Today I had help from a very kind local guide, Mike Moroney, who also has a passion for the Beara Breifne Way. He partially accompanied me, and moreover offered me the chance to walk without having to tote my full load. At this point getting a little more practiced at accepting help (provided it doesn’t conflict with my core goal of walking the walk) I accepted and enjoyed the chance to walk an actual section without my turtle-house of a pack.
Oh my god what is this I feel so freeee
While today, like the previous section, involved large amounts of concrete, we trimmed the distance down a bit and the absence of my load made a big difference as well. I felt considerably more able to enjoy the walk, allowing myself to indulge in the slowness I had endeavored to embrace again yesterday.
In this way, I came to Lismire, the first of several small villages along my route. This too was a difference from the day between Millstreet and Newmarket – today included many small towns along the way, which somehow provided a sense of progress that the endless treading over pavement before had lacked.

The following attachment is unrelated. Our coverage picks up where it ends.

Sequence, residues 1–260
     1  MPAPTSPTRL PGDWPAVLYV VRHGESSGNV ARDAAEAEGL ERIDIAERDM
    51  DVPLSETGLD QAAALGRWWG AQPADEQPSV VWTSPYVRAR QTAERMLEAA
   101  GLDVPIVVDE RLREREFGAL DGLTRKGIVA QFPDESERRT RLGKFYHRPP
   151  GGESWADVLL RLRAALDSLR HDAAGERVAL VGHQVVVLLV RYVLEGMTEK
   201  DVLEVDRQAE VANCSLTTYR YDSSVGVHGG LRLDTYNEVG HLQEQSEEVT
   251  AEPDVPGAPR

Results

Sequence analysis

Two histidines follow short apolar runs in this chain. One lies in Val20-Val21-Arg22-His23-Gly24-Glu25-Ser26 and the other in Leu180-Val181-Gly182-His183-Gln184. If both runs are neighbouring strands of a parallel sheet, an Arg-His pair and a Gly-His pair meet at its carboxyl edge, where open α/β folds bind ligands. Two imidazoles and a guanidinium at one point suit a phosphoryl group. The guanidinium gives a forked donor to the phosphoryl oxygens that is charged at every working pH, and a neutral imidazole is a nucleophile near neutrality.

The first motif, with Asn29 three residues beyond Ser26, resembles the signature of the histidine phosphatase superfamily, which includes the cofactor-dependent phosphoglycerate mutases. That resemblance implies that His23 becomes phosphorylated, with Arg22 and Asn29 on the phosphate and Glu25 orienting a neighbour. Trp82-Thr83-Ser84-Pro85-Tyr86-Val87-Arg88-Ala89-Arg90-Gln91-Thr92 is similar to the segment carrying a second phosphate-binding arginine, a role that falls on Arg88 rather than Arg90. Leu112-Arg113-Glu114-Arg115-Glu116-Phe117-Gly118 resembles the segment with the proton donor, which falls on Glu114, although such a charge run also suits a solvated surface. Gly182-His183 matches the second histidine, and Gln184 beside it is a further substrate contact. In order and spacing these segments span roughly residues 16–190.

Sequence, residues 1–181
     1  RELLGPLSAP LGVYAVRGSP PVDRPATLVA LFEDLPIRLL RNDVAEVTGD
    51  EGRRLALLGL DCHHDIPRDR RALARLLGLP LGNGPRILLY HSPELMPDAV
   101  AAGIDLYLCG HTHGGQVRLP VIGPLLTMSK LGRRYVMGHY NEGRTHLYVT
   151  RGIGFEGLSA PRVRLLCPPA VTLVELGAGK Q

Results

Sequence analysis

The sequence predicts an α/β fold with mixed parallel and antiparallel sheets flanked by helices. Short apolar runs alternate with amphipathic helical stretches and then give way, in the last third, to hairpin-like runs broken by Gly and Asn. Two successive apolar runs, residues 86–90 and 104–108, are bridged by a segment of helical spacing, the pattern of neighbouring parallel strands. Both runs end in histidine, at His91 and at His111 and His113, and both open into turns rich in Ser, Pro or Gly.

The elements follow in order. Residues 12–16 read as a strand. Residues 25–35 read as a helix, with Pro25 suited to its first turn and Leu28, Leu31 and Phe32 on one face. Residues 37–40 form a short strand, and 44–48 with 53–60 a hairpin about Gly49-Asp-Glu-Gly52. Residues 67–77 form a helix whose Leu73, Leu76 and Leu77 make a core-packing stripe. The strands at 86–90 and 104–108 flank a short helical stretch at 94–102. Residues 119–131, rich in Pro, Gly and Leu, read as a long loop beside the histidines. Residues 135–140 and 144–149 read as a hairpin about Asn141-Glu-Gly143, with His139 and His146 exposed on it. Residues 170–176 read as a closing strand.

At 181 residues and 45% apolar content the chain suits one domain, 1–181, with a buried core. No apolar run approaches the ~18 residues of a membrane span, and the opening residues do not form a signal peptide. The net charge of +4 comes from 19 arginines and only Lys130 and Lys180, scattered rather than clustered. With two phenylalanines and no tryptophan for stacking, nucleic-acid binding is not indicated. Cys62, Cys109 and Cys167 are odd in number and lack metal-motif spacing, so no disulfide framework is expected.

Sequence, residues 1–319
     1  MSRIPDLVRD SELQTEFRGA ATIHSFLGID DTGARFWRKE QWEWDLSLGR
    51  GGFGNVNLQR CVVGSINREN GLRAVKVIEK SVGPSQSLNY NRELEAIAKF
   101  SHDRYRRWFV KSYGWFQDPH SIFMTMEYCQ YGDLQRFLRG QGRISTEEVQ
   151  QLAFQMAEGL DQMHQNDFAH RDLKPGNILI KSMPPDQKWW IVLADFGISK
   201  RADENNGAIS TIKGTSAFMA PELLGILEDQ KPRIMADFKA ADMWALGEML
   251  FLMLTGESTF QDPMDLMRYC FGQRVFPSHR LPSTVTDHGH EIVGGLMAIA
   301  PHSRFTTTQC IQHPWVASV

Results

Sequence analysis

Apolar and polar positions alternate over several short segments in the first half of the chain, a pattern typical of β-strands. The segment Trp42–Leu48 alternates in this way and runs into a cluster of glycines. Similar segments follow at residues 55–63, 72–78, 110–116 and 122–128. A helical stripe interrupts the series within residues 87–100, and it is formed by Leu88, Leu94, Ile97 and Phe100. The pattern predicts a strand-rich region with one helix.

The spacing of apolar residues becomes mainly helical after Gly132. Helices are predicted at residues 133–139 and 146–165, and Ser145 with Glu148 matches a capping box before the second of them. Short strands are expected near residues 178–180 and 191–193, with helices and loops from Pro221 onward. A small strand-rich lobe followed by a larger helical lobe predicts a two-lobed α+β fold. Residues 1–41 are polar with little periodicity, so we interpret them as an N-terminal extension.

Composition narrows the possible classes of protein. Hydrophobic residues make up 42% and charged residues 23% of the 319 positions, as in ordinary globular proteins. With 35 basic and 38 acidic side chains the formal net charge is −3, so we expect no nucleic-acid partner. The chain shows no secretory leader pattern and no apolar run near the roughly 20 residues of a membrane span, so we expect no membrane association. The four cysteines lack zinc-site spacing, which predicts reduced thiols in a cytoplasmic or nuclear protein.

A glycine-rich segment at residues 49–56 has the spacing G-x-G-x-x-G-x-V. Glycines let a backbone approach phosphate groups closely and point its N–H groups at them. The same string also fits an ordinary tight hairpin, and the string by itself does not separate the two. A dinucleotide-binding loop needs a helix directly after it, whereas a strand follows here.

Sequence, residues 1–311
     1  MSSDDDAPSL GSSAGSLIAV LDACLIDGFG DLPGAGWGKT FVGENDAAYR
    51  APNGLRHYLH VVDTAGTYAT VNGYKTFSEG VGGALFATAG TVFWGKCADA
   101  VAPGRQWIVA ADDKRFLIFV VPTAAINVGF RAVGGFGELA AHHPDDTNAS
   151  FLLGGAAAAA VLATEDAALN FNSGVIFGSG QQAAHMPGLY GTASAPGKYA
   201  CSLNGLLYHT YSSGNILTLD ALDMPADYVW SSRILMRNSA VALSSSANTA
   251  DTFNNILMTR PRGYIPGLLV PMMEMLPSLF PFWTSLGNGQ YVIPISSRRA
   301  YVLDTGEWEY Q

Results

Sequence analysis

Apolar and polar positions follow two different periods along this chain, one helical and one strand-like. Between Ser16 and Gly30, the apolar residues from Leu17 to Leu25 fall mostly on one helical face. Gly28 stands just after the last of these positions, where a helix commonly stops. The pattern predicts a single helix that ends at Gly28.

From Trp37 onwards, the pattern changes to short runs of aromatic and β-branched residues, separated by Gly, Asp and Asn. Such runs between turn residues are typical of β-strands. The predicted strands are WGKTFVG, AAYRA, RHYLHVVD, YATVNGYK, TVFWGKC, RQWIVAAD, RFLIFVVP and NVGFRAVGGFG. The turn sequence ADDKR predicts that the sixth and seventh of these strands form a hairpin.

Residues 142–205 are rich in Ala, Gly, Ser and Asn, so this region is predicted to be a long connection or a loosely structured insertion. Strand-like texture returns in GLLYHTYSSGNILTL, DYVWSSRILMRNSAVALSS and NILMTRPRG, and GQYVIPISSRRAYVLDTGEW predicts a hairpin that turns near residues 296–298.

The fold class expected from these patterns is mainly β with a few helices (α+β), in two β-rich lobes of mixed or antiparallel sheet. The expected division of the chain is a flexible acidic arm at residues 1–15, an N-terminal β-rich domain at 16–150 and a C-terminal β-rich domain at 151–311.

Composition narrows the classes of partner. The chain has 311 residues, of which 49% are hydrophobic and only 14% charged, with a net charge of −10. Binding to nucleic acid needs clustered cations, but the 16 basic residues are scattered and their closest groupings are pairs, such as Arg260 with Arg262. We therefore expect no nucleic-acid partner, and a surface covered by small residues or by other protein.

On our way out of town, a woman strolled alongside us briefly, and spoke highly of visiting the Kilmacow graveyard a little ways down the road. I added it to my mental list, but first…
I arrived at the cemetary soon enough however, and though it was not really part of my route I decided I would take a turn in and look around. I am glad I did.
Kilmacow (remember how Kil/Cill means church in Irish? relevant!) apparently refers to the remnants of a larger monastic complex dating back to the 6th century. The graveyard is housed in the central of three concentric enclosures that were once part of a single larger set of structures. It also housed some of my favorite Celtic crosses out of all the ones that I have come across so far.
It had been some time since the grasses inside the graveyard had been tended, and spring had been at work. As I walked slowly about the yard, I waded through bluebells and buttercups, long grasses sweeping up to my thighs in places.
The map and the woman we had spoken to in town both alluded to a holy well nearby, so I set out in search of it. I did not find it, but I came across a number of other worthwhile sights.
Finally I turned and made my way back to the main road, forging on to my next destination and the transition it marked… (continued in next post)